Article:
Toni Cade Bambara The Lesson

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In Toni Cade Bambara’s short story “The Lesson,” Miss Moore, an eccentric and odd woman that had “been to college” and found herself, “responsible for the young ones’ education” took them out (Bambara 330). One summer day Miss Moore took the local children out for some education; she took Sylvia, Sugar, Flyboy, Junebug, Big Butt, Mercedes, and Rosie Giraffe out to the city. The story is narrated by Sylvia as they take a taxi to Fifth Avenue where there are many wealthy people. They go to F.A.O. Schwarz, an expensive toy store where they see a fiberglass sailboat. Sylvia is hesitant to enter, but when she does it angers her. After they return to where they live Sylvia is still angry and Miss Moore asks what they learned, but she doesn’t say…show more content…
There are many examples of injustice used in the story that use imagery, from what people are wearing and how they look, and what the children see on the trip to the store. The first image is Miss Moore outside next to a mailbox in the heat. There is throughout the story an image of it is hot in the summer. Most low income areas of a city are not able to get out of the city heat during the summer. Unlike the more wealthy people who are able to head out to the beach or other areas the minority group tends to stay in the heart of the city and work. When they get to Fifth Avenue they noticed everyone is well dressed. Although it is hot out, there is a woman in a fur coat in the middle of the summer. This makes Sylvia say “White folk crazy” in response to what she sees (331). Afterwards they notice a fiberglass boat and are amazed by it, so they go to enter the store and we see Sylvia not able to enter the store. She relates it to the time she was dared to go into the Catholic Church. There is an image also of Sugar touching the boat. Even in the mind of a young child there is a separation of self from the other. She divides herself from white people and from the rich. She compares wealth to religion and something she feels shame from it. She sees the expensive store as holly and something you bow down your head for as if not an equal to. This is the inequality and discrimination she feels,…show more content…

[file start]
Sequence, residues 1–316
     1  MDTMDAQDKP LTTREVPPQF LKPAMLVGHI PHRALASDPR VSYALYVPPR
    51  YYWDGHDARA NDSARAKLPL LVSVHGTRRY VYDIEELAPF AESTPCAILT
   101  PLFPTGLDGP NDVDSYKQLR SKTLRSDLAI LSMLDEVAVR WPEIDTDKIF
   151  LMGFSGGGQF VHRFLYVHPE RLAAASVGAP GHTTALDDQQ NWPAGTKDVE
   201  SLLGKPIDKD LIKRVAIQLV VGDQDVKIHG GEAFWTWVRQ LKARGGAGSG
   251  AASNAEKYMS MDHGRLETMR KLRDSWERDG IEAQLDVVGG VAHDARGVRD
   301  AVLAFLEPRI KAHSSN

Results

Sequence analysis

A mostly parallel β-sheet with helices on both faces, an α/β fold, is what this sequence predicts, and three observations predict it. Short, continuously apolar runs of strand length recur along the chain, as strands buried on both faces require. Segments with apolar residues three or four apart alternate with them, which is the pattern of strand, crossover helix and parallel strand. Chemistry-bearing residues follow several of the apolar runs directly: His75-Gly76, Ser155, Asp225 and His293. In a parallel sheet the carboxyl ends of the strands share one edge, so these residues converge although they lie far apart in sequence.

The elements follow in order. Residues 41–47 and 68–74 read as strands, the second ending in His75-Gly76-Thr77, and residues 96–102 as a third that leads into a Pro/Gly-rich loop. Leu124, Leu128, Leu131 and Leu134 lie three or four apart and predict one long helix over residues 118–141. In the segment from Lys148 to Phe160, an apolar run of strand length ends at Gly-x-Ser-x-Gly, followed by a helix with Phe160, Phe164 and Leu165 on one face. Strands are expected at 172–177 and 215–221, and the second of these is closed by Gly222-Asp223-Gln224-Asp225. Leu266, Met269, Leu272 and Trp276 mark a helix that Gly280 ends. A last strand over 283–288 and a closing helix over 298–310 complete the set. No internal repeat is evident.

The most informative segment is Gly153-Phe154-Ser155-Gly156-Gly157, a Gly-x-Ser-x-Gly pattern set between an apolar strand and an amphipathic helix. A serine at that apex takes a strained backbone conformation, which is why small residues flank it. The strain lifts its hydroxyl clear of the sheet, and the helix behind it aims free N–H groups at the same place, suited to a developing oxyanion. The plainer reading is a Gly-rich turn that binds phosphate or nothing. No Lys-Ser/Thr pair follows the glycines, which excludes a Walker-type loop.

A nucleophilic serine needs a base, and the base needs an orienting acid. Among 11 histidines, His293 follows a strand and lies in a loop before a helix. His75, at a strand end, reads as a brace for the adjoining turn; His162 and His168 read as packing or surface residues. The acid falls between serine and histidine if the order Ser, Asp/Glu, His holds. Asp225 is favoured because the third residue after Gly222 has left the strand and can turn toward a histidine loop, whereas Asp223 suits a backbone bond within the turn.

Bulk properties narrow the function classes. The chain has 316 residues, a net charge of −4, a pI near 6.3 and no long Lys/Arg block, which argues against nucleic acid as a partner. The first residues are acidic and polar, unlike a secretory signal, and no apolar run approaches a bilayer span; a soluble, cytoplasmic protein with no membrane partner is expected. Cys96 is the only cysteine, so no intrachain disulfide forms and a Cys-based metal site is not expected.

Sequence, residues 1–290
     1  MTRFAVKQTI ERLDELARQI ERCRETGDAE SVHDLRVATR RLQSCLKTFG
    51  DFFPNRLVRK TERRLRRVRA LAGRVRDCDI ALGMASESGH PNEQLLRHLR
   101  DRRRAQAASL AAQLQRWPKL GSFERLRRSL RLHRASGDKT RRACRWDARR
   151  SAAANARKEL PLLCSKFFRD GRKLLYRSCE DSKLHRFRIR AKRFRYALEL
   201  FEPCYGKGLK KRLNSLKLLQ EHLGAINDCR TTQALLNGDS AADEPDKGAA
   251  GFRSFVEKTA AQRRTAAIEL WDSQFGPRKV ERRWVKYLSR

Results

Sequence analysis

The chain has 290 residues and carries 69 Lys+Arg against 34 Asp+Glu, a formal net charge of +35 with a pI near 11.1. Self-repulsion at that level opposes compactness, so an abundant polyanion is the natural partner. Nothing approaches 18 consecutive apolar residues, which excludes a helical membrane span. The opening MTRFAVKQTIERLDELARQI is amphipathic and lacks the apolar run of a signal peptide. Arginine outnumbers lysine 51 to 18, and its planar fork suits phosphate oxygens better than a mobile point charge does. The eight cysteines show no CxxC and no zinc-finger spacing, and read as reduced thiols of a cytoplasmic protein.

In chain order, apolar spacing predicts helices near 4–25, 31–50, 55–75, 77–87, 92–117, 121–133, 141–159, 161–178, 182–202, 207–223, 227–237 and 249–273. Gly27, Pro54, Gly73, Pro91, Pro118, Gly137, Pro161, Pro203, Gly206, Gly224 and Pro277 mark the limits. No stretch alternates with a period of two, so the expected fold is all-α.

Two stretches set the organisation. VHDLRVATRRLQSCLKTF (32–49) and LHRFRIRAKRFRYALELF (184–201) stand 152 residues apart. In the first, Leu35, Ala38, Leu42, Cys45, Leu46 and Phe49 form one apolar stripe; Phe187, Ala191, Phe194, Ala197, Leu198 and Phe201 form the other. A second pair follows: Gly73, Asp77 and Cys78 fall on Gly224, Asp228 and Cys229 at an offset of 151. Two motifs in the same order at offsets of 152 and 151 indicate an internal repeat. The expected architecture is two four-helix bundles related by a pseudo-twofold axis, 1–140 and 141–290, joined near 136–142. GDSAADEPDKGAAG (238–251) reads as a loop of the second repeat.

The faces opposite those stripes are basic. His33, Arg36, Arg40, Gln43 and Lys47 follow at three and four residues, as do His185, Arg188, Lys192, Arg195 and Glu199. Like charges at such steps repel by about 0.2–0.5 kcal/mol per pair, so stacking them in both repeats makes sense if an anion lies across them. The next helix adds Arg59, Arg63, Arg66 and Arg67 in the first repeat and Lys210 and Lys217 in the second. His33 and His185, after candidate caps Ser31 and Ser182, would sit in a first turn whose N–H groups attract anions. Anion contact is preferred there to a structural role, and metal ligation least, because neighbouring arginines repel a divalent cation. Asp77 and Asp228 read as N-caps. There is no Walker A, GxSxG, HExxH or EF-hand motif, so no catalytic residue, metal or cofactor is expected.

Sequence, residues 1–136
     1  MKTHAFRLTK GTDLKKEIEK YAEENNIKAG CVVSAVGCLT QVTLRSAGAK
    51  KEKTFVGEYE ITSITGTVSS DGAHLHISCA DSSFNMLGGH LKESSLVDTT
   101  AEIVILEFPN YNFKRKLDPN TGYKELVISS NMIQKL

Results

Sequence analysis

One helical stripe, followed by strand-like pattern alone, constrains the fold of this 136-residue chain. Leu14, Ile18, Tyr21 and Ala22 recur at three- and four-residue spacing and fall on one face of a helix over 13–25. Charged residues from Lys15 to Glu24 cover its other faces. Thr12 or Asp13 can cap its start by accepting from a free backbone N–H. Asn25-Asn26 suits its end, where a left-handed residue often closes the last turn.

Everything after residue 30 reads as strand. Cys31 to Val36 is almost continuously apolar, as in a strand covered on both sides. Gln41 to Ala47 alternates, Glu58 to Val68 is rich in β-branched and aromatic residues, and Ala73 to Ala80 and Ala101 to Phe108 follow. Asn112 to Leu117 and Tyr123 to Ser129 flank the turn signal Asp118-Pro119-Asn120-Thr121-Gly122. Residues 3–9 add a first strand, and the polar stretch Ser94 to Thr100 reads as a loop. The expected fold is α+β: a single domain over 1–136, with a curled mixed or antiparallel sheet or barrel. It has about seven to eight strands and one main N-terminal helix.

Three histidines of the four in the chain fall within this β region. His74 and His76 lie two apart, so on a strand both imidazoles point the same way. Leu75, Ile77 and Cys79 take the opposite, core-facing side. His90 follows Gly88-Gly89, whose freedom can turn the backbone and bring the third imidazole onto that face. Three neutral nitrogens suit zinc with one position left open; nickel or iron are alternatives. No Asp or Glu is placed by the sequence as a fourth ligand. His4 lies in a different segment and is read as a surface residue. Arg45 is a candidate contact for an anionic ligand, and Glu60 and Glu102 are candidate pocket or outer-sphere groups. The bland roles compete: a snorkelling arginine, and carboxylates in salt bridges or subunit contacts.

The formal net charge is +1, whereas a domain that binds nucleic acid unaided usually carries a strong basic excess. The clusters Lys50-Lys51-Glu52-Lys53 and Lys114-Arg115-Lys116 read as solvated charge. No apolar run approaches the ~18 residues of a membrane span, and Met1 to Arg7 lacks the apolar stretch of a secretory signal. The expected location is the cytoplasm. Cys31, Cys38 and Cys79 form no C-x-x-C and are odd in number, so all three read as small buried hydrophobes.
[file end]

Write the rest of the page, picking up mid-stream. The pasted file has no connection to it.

The story is written as if Sylvia remembers a crucial summer in her young life. She is immature, yet she and her cousin Sugar were the only ones just right and not aged and foolish or young and foolish. The story starts with her being young and reckless with no apparent motivation other than boys and to do what wants with Sugar. Her first motivation is to ditch the “nappy-head bitch and her goddamn college degree” and figure out how to spend the five dollars handed to her. (331). Then you see a character change when the children are about to enter the store. There is a deep rooted anger of operation that is put on to the character that reflects colored people and lower class at the time. She has anger for feeling shame and lower than herself and the care free of the woman with the fur coat. There are hints of political foreshadowing, but are left as unresolved contemplations. The fact that a woman from the outside of her own bubble put her in the situation and didn’t explain much made her tense. When Miss. Moore asked it made her madder. She knew there was no reason to feel oppressed or less. Throughout the story Sylvia channeled her anger that she had let loose and turned it into a positive outcome to empower her low income status and to never get beat down at anything. Sylvia sees now how the world is flawed and divide when it comes to an equal chance at wealth. She learned a valuable
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